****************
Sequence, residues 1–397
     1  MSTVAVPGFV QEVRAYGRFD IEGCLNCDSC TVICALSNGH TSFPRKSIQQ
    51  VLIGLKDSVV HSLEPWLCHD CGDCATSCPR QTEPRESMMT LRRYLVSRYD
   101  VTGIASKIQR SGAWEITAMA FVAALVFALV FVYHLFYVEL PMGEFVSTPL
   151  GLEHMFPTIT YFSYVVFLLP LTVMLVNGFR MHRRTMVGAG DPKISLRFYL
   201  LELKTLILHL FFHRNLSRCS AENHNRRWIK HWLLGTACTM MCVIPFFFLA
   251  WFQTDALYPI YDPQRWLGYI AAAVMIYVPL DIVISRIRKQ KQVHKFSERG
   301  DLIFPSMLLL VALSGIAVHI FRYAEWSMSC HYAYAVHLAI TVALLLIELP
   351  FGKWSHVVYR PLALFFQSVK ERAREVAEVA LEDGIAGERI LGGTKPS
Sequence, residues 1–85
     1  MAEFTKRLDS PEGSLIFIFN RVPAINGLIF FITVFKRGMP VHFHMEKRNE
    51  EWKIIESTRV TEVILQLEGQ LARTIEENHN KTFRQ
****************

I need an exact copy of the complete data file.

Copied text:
Sequence, residues 1–397
     1  MSTVAVPGFV QEVRAYGRFD IEGCLNCDSC TVICALSNGH TSFPRKSIQQ
    51  VLIGLKDSVV HSLEPWLCHD CGDCATSCPR QTEPRESMMT LRRYLVSRYD
   101  VTGIASKIQR SGAWEITAMA FVAALVFALV FVYHLFYVEL PMGEFVSTPL
   151  GLEHMFPTIT YFSYVVFLLP LTVMLVNGFR MHRRTMVGAG DPKISLRFYL
   201  LELKTLILHL FFHRNLSRCS AENHNRRWIK HWLLGTACTM MCVIPFFFLA
   251  WFQTDALYPI YDPQRWLGYI AAAVMIYVPL DIVISRIRKQ KQVHKFSERG
   301  DLIFPSMLLL VALSGIAVHI FRYAEWSMSC HYAYAVHLAI TVALLLIELP
   351  FGKWSHVVYR PLALFFQSVK ERAREVAEVA LEDGIAGERI LGGTKPS
Sequence, residues 1–85
     1  MAEFTKRLDS PEGSLIFIFN RVPAINGLIF FITVFKRGMP VHFHMEKRNE
    51  EWKIIESTRV TEVILQLEGQ LARTIEENHN KTFRQ